Is Luxury Travel on the way out?

First there were pillow menus, or maybe those came later, I can't be certain.

Then, someone thought of leaving some minty chocolates on those pillows.
No sooner that was done and you would come back to the room at 6pm to find your bed neatly tucked in. Two slippers sit symmetrically positioned by the bedside, ready for you to strut your stuff in front of the 400 channel TV as you wait for that $40 salad to arrive . OK, there's no toothbrush within a mile of the bathroom, but those high-end brand conditioners sure take the frizz out of my hair, so dental hygiene be damned. That's just the beginning.

Breakfast offers a decadent spread of food, with enough variety to have made an ancient Roman food orgy look bland. The orange juice is so smooth, it was probably squeezed by the delicate fingers of a concert pianist. Don't get me started on the carefully orchestrated and smile-infused table service. My serviette (because at this level it's not a napkin, please) gently draped over my lap, coffee ground just minutes ago and served in designer porcelain, only the spoonfeeding is lacking, lest I regress into a toddler I suppose. 

I love it. See, that is luxury. All of it.

Or it used to be.... 

Now, the service described above is expected at the five star level, it's the norm. Deliver anything less than this as the baseline and you'll hear about it on TripAdvisor, that bastion of balanced, impartial and incorruptible peer judgement (right).

Even for those lucky enough to afford premium travel, the thrill is often gone.
Another lavish sanctuary of a room with calibrated mood lighting, perfectly pressed pillow covers and more switches than a 747's cockpit. Another 7 series luxury sedan to whisk me from the in-crowd's beloved cocktail bar to the hipster shopping quarter. Yawn.

The sheer overabundance of externally focused opulence has left an agonizing emotional void, often compounded with a sense of guilt over having spent the equivalent of someone's monthly salary on a room night, fancy car and a few star rated morsels of food. But it just isn't enough, not anymore.

Extensive research by leading psychologists has concluded that 'to do' brings more lasting happiness than 'to have'. And while the initial conclusions were certainly damning for the luxury goods industry, increasingly the same weariness applies to all types of material luxury, including hotel stays, fancy cars and astronomically priced 'star food'.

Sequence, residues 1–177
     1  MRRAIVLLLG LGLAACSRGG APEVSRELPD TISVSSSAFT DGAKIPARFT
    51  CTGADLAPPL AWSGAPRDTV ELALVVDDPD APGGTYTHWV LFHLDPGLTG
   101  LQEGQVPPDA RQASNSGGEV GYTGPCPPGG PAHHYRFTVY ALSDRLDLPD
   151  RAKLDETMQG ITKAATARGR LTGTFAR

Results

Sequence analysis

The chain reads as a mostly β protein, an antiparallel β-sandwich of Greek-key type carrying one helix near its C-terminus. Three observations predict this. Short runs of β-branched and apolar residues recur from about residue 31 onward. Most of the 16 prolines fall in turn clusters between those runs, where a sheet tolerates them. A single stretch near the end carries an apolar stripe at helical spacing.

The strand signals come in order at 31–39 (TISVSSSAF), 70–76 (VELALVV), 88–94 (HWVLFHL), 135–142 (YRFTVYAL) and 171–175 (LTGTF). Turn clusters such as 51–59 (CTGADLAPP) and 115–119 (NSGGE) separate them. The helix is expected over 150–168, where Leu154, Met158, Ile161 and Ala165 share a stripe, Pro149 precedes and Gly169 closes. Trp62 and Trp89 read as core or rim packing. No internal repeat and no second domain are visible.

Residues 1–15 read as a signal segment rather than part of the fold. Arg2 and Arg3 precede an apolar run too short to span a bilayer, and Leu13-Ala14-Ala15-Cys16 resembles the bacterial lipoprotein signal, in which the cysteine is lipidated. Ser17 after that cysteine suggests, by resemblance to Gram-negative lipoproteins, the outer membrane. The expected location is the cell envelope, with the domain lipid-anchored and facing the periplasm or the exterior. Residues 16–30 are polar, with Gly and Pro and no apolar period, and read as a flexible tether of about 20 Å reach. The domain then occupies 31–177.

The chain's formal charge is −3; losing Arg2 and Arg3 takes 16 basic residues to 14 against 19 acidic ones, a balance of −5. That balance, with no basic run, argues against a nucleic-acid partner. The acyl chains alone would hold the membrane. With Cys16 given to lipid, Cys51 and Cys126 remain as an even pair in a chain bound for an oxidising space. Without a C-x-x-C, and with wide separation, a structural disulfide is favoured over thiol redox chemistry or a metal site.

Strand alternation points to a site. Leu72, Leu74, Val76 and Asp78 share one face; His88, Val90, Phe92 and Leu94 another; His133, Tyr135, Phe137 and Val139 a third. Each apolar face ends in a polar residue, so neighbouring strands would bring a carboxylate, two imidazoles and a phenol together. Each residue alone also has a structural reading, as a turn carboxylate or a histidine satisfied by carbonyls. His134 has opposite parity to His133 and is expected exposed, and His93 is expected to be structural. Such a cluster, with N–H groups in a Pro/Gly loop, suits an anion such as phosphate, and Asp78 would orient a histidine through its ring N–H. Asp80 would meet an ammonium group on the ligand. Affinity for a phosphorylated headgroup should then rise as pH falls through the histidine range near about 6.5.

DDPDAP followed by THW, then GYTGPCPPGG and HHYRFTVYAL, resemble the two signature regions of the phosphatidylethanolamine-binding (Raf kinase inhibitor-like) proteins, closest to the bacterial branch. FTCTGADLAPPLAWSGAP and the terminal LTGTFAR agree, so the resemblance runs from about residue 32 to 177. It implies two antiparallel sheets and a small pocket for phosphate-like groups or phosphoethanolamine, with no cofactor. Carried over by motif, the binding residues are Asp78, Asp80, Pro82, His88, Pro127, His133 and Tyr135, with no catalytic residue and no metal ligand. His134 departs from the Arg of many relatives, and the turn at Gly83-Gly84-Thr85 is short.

So if those things can no longer make us happy for more than a fleeting moment, can they still be considered 'luxurious'? Shouldn't true 'luxury' involve such emotions as 'satisfaction', 'fulfillment' and 'contentment'? Isn't that the bedrock of true luxury?

As far as the high-end travel and hospitality industry is concerned, the cat's now out of the bag. The shift from material opulence to a more introspective form of luxury has begun in earnest. I see it in the (endless) hotel presentations, local operator itineraries and of course in our own clients' requirements. The consumer is empowered, and increasingly demands a different approach to luxury and in many ways a simpler and more personal approach to top quality. How is your brand responding? Will you increase the thread count in your sheets? Add five more options to the breakfast menu? Placate the guest with a bottle of Bollinger?

A friend and business partner in Japan told me recently that since the Fukushima disaster there is a greater sense of urgency now for people to experience the things that make travel (and life) really worthwhile, the stuff of dreams and memories. And increasingly that excludes traditional luxury. Because life is short, you don't know when it will end, and you really can't take stuff with you.

We owe it to an ever growing worldwide consumer base to shift our own thinking and start focussing on designing more authentic, local and - dare I say - more spiritually fulfilling activities. That doesn't mean guests won't stay in the beautifully appointed suite. It doesn't mean the star chef should quit or the limo driver give up and hand in the keys; these things are still the icing on the cake for many. But they're no longer the cake. And to ignore this trend is to put yourself out of business sooner rather than later.

Which leads me to the last point I wanted to make. Specialize. Stop being all things to all people. Pick a niche, become the best at it and thrive. Once again, the customer is empowered now. And if your entire raison d'être is to sell as much of anything to anyone for any reason, you're probably on your way out.

The death of the travel agent has been predicted for 10 years. To a large extent, it was true, and countless agencies are gone for good. But for many, it was a rebirth, a chance to find focus and become really, really good within their niche. And they are thriving,  and probably will for a long time.

So how do you feel about luxury? What does it mean to you?

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Marc Mekki is a serial entrepreneur in the luxury life experience travel industry. Originally from Belgium, Marc spent 14 years living and working in China, where he founded Mandarin Journeys, providing concierge & travel services for high level visitors to China & Japan. Marc recently founded Ode to Joy, a travel technology and service company offering unprecedented insider access to unique travel experiences in Europe. He is a frequent guest at major invitation-only trade shows like ILTM, Pure, Connections and the Private Leisure Forum. Marc also serves as an advisor to the luxury division of Barcelona’s Tourism Office, a city he now calls home.

twitter: @marc_mekki, @odetojoylife, @mandarinjourney

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